Examples of services include X11/Unix services, archived or live audio or video services, Windows NT service, Java program execution service and others. A service herein is a process that provides output data and response to user requests and input. The service handles communication with an HID currently used by a user to access the service. This includes taking the output from the computational service and converting it to a standard protocol for the HID. The data protocol conversion is handled by a middleware layer, such as the X11 server, the Microsoft Windows interface, video format transcoder, the OpenGL interface, or a variant of the java.awt.graphics class within the service producer machine. The service machine handles the translation to and from a virtual desktop architecture wire protocol described further below.
Each service is provided by a computing device optimized for its performance. For example, an Enterprise class machine could be used to provide X11/Unix service, a Sun MediaCenter could be used to provider video service, and a Hydra based NT machine could provide applet program execution services.
The service providing computer system can connect directly to the HIDs through the interconnect fabric. It is also possible for the service producer to be a proxy for another device providing the computational service, such as a database computer in a three-tier architecture, where the proxy computer might only generate queries and execute user interface code.
The interconnect fabric can comprise any of multiple suitable communication paths for carrying data between the services and the HIDs. In one embodiment the interconnect fabric is a local area network implemented as an Ethernet network. Any other local network may also be utilized. The invention also contemplates the use of wide area networks, the Internet, the world wide web, and others. The interconnect fabric may be implemented with a physical medium such as a wire or fiber optic cable, or it may be implemented in a wireless environment.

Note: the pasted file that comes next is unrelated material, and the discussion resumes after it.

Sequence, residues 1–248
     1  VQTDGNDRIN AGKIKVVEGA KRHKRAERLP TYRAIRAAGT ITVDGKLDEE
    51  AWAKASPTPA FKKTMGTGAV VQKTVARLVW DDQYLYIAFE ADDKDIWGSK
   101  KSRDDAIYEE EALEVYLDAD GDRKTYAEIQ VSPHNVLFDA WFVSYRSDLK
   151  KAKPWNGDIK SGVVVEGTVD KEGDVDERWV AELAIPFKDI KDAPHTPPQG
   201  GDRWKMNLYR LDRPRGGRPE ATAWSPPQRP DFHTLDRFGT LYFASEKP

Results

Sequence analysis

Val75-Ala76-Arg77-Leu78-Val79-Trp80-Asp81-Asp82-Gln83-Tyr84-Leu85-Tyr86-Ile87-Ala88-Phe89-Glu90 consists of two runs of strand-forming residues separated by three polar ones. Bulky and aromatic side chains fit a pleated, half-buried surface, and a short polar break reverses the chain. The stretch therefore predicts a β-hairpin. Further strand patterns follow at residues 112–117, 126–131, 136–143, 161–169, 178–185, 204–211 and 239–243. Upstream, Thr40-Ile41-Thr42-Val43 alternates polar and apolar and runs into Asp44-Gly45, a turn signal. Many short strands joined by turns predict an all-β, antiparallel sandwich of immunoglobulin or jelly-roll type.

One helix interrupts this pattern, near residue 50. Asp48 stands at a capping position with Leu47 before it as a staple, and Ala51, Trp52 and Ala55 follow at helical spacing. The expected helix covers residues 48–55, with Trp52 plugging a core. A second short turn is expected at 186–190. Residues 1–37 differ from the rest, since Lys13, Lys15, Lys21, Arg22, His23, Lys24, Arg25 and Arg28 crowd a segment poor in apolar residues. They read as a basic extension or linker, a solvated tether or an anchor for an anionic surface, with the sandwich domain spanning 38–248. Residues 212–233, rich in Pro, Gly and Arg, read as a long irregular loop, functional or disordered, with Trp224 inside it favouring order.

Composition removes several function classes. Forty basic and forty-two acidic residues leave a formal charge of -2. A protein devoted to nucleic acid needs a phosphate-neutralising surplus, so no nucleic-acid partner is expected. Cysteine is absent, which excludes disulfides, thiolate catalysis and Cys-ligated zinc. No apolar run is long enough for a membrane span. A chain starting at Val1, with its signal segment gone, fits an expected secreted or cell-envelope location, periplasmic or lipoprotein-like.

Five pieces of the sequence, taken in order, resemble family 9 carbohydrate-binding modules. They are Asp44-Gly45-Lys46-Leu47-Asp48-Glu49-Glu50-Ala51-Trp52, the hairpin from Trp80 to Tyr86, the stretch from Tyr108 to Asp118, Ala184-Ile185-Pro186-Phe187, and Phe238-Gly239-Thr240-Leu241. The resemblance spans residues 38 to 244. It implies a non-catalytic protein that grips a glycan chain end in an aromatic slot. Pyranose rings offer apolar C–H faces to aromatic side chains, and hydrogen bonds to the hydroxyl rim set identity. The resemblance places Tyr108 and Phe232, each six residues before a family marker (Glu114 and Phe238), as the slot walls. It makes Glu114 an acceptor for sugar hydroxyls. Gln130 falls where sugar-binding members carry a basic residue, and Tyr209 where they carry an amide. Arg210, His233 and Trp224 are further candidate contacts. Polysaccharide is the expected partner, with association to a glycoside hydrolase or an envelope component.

The interconnect fabric provides actively managed, low-latency, high-bandwidth communication between the HID and the services being accessed. One embodiment contemplates a single-level, switched network, with cooperative (as opposed to completing) network traffic. Dedicated or shared communications interconnects maybe used in the present invention.
The HID is the means by which users access the computational services provided by the services. FIG. 8 illustrates HIDs 821, 822 and 823. Each HID comprises a display 826, a keyboard 824, mouse 850, and audio speakers 860. The HID includes the electronics need to interface these devices to the interconnection fabric and to transmit to and receive data from the services.
A block diagram of an example embodiment of the HID is illustrated in FIG. 9. The components of the HID are coupled internally to a PCI bus 912. A network control block 902 communicates to the interconnect fabric, such as an Ethernet, through line 914. An audio codec 903 receives audio data on interface 916 and is coupled to network control block 902. USB data communication is provided on lines 913 to a USB controller 901. The HID further comprises a embedded processor 904 such as a Sparc2ep with coupled flash memory 905 and DRAM 906. The USB controller 901, the network controller 902 and the embedded processor 904 are all coupled to the PCI bus 912. A video controller 909, also coupled to the PCI bus 912, can include an ATI RagePro+ frame buffer controller which provides SVGA output on the line 915. NTSC data is provided in and out of the video controller through video decoder 910 and encoder 911 respectively. A smartcard interface 908 may also be coupled to the video controller 909.
Alternatively, the HID can comprise a single chip implementation as illustrated in FIG. 10. The single chip includes the necessary processing capability implemented via CPU 1001 and graphics renderer 1005. Chip memory 1007 is provided, along with video controller/interface 1006. A internal bus (USB) controller 1002 is provided to permit communication to a mouse, keyboard and other local devices attached to the HID. A sound controller 1003 and interconnect interface 1004 are also provided. The video interface shares memory 1007 with the CPU 1001 and graphics renderer 1005. The software used in this embodiment may reside locally in on-volatile memory or it can be loaded through the interconnection interface when the device is powered.